Narrative Therapy: Techniques, Efficacy, Process

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Psychotherapy, often simply called therapy or talk therapy, uses research-based techniques to help people lead better lives and work through difficulties. An estimated 1 in 10 US adults sees a counselor or therapist.

There are many different approaches and styles of psychotherapy, but what most of them have in common is that they’re a collaborative relationship between the client and therapist. Narrative therapy is a type of psychotherapy that helps people identify their values ​​and skills in order to create new possibilities in their lives.

Read on to find out more about narrative therapy, how it works, and who it might help.

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What Is Narrative Therapy?

Narrative therapy was developed in the 1980s by two social workers and therapists, Michael White and David Epston. The technique views problems as separate from the individual, and it recognizes a person’s innate ability to work through those problems. Through conversations with a therapist, the person can reframe past events, realize their full potential, and rewrite their life stories.

How It Works

We all have certain events or stories from our lives that become central to who we are, such as “I’ve always been sad,” or “That traumatic event changed everything.” In narrative therapy, you and a therapist work together to closely examine these stories and look for problematic themes.

The goal is to stop centering your identity around these problematic stories. Over time, you’ll come to see that you have many different stories to tell. By identifying your values ​​and unique strengths, you’ll be able to see new possibilities in your life.

What It Can Help With

This style of therapy is versatile: It can be used with individuals, couples, and families. It may even be used in group settings. Research has shown that narrative therapy can be effective in treating certain conditions, including:

Technics

Therapists who work from a narrative therapy framework place an importance on telling one’s story as a modality for change. The client and the therapist identify problematic storylines and work to rewrite them. This can help people who are struggling with trauma or other issues to move forward with their lives.

The therapist can:

  • Help clients identify problems
  • Set the problems in a larger sociocultural context
  • Teach clients how to make room for alternative stories

This mode of therapy helps people see that their lives are not made up of a single storyline—they contain many stories, and there are many different aspects of their lives. This can help them reframe negative attitudes and thoughts they have about past events.

What Does It Do?

This form of therapy helps clients separate themselves from their past experiences. Doing so helps them develop self-confidence and problem-solving tools.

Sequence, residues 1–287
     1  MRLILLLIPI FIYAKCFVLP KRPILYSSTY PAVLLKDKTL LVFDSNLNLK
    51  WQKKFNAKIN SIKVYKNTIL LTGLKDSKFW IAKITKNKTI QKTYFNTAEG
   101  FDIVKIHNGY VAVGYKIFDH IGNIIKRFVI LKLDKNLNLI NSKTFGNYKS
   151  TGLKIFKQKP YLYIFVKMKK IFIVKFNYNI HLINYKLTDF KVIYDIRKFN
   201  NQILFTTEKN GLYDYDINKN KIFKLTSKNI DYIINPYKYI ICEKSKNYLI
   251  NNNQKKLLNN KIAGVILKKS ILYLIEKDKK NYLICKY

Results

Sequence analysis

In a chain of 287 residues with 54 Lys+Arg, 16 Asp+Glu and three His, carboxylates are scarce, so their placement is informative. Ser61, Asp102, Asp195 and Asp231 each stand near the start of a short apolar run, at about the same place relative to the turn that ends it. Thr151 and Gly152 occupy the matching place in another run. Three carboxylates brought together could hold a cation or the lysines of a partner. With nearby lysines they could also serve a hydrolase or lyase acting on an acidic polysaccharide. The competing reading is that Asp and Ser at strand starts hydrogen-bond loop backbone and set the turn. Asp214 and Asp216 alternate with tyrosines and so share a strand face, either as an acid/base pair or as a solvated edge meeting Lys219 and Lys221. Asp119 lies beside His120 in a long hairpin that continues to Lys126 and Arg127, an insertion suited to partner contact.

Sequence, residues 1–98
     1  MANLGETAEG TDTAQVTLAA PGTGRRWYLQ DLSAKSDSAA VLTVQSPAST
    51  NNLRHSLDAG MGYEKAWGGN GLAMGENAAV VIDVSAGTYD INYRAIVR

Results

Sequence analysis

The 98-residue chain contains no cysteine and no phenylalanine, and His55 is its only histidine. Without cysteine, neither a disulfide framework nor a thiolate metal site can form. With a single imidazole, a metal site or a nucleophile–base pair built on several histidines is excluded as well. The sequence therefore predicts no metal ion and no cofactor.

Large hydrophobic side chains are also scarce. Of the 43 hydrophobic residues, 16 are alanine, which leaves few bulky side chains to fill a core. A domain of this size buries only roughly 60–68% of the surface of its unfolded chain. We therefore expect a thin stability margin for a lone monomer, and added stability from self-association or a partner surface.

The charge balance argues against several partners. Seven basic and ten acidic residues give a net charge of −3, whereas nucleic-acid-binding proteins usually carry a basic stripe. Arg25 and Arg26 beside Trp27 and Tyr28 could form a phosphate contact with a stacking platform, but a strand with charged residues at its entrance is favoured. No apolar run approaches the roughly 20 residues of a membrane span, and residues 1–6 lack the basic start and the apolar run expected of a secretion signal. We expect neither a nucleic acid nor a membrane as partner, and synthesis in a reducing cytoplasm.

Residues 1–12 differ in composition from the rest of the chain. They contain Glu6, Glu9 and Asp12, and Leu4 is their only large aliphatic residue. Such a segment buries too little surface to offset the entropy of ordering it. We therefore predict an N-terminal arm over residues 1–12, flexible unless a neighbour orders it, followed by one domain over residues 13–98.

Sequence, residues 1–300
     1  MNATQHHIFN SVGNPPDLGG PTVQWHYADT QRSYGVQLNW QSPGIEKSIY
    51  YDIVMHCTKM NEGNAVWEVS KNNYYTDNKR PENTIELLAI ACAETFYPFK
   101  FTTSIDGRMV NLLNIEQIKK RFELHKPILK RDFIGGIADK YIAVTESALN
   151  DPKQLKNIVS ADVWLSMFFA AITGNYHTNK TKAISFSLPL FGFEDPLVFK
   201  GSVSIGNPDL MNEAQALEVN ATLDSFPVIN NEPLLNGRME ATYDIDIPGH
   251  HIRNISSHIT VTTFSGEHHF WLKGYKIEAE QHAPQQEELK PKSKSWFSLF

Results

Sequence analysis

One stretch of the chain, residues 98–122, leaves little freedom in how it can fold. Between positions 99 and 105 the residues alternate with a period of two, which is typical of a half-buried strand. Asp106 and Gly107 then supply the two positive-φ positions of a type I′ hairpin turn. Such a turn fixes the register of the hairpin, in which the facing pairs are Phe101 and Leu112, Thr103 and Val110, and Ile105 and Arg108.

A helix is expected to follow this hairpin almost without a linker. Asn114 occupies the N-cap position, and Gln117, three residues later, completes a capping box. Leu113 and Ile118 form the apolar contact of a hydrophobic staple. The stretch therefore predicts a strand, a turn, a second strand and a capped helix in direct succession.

Cost

Therapy costs can depend on many variables: where you live, whether your insurance plan covers it, the type of provider you are seeing, whether they have a sliding scale fee, and more. Without insurance coverage, a single therapy session can cost as much as $250, according to Good Therapy, an online resource that helps people find the right therapist for them.

Who Should Avoid It?

Narrative therapy may not be appropriate for those with intellectual disabilities, and people with language or communication issues may find other types of therapy to be more helpful. It’s possible to combine narrative therapy with other techniques such as music, dance, or art therapy to encourage nonverbal expression.

If you have questions about whether narrative therapy is the right fit for you, talk with the therapist. Ask them questions about how appropriate this therapy is for your situation. A good therapist will be honest, and if need be, refer you to a different clinician who might be a better fit.

Summary

Narrative therapy helps people reframe and rewrite the traumatic or problematic stories of their lives and move forward with different narratives. It has been shown to be effective for anxiety, depression, ADHD, PTSD, and other conditions, and it may be a viable option for many people.

A Word From Verywell

Although there are studies showing narrative therapy’s efficacy, it’s important to remember that what works for one person may not work for another. One of the most important factors that determines whether any type of therapy will be successful is the relationship between the therapist and the client. It’s important that you work with someone you feel comfortable with. If you and your therapist aren’t clicking, don’t feel bad about changing to a new one.

Frequently Asked Questions

  • How much does therapy cost?

    The cost of therapy can vary widely, depending on the kind of therapist you go to, the geographical area in which you live, whether a therapist has sliding scale rates, and much more. Without insurance, a session can cost upwards of $250.

  • Will insurance cover narrative therapy?

    It depends on whether the therapist partners with insurance companies. If they are an in-network provider, then your insurance plan should cover part or all of it, and you will pay a co-pay. If they do not partner with your insurance provider, you might be able to submit a claim for out-of-network benefits and be partly reimbursed. Check your summary of benefits for details about what your plan covers.

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